Scientists shed light on how the blackest fish in the sea 'disappear'

Rodiano Bonacci
Luglio 17, 2020

The Invisible Man isn't the only expert in making himself imperceptible with optics science.

Reference: "Ultra-black Camouflage in Deep-Sea Fishes" byAlexander L. Davis, Kate N. Thomas, Freya E. Goetz, Bruce H. Robison, Sönke Johnsen and Karen J. Osborn, 16 July 2020, Current Biology.

Very little sunlight penetrates more than 200 metres below the ocean's surface. So in these areas, evolutionary adaptations such as transparency and mirrored surfaces aren't as useful at keeping away assailants looking for dinner.

This deep-sea dragonfish has ultra-black skin capable of absorbing the bioluminescent light that might blow its cover.

At such depths, bioluminescence - light emission by living organisms - is the only light source.

"In the deep, open ocean, there is nowhere to hide and a lot of hungry predators", said zoologist Karen Osborn of the Smithsonian Institution, at Washington's National Museum of Natural History, a co-author of the research published in an acclaimed journal Current Biology, while adding that, "An animal's only option is to blend in with the background". Tucker trawl nets allow scientists to catch fish from mid-water levels, where ultra-black fish can be found.

"You'd either have to blast them with tons of light to see any detail or you'd just get a silhouette", he said. "It didn't matter how you set up the camera or lighting - they just sucked up all the light".

Knowing the ineffectiveness of common camouflage tactics, the researchers hypothesised that pressure to limit reflected light might have led to the evolution of pigmented body surfaces with near-zero reflectance in ultra-black fish. Reflectance is the measure of the proportion of light striking a surface and reflecting off of that surface.

"Ultra-black arose a few times across the fish family tree", Davis said.

"Effectively what they've done is make a super-efficient, super-thin light trap", Osborn said.

One of the fish that was recently discovered, the Oneirodes species, reflected between.044% to.051%, according to the study.

These fish - like the fangtooth, the Pacific blackdragon, the anglerfish and the black swallower - have modified the shape, size and packing of the pigment in their skin to the point that it reflects less than 0.5 per cent of light that hits it, researchers said today.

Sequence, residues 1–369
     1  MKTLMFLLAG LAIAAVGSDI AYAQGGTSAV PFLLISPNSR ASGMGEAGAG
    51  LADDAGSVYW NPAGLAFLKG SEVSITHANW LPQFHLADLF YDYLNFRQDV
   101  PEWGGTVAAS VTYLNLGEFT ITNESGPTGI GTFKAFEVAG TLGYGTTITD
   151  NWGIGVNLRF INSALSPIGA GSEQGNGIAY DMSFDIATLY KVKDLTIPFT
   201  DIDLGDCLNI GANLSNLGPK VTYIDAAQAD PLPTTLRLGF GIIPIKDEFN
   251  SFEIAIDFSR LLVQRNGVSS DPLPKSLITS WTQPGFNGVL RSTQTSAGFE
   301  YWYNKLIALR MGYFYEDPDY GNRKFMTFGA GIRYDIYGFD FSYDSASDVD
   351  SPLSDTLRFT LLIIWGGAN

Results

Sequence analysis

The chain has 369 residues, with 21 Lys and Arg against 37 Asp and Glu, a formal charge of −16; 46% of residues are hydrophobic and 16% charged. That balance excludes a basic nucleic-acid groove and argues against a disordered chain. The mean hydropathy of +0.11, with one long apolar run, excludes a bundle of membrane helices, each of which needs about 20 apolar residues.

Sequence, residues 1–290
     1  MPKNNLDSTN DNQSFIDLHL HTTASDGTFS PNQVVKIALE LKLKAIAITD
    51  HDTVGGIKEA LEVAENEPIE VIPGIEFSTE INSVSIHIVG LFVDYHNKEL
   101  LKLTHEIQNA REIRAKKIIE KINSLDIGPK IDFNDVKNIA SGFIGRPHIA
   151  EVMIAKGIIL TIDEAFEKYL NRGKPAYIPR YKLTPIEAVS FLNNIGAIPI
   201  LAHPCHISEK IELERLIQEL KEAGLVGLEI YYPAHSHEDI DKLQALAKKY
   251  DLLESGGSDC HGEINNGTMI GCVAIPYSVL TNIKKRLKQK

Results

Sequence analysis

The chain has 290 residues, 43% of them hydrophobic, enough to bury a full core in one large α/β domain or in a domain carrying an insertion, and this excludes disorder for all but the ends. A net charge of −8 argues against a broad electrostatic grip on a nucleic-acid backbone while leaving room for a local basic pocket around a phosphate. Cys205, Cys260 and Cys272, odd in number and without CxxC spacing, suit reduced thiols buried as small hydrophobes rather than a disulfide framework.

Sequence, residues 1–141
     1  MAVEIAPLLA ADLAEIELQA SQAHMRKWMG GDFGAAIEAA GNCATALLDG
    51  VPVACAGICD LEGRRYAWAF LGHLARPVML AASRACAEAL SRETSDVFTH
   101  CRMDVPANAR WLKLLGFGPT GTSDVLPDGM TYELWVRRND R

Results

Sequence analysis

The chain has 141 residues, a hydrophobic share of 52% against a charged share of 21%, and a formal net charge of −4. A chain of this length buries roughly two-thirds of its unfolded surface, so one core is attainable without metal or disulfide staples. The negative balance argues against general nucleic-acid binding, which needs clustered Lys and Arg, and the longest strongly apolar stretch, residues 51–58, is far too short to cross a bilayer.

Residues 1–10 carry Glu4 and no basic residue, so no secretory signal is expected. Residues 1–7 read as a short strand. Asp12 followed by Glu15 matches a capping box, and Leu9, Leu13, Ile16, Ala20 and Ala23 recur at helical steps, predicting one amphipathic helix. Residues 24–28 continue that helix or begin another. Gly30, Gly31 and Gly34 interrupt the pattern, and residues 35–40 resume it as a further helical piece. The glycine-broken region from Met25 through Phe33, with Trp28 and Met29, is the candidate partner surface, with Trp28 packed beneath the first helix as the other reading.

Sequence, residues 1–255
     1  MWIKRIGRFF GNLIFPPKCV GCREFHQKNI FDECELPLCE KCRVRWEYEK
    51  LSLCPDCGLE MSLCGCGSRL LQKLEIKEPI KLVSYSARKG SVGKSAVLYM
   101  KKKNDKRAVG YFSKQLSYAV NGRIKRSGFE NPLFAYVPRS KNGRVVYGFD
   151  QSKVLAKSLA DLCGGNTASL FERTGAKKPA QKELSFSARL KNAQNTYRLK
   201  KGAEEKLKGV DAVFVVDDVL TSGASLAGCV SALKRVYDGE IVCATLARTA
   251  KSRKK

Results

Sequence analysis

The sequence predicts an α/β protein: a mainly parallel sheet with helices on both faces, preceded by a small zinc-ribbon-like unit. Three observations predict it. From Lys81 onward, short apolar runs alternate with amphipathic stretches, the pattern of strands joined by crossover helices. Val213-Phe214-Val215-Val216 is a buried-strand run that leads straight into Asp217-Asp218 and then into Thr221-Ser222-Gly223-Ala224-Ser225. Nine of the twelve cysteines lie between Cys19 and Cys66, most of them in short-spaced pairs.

Ultra-black skin, as the new research shows, is made possible by specialised melanosomes - tiny packages of pigment, called melanin, within the fishes' skin cells. Both have tiny structures within their cells that contain melanin - the same pigment that lends human skin its color.

Other cold-blooded animals with normal black skin have tiny pearl-shaped melanosomes, while ultra-black ones are larger, more tic-tac-shaped.

"When things are so dark like they are in the deep sea, if you reflect even a handful of photons, something can detect you", Davis said.

That miniscule reflection surpasses the darkness of ultra-black butterflies, which reflect.06% to.5% of light that hits them, and about equals the blackest birds of paradise, which reflect.05% to.31%, the study reported. Osborn and her colleagues discovered that this pigment is not just abundant in the skin of ultra-black fish, it is distributed in a unique way.

The ultra-black Pacific blackdragon (Idiacanthus antrostomus), the second-blackest fish studied by the research team.

The researchers suggested that ultra-black fish biology could advance the development of less expensive, flexible and more durable ultra-black materials for optical technology including cameras and telescopes, and for camouflage.

Adopting this efficient design strategy could improve the manufacture of ultra-black materials, which now use an architecture more like what is found in ultra-black birds and butterflies, Osborn said.

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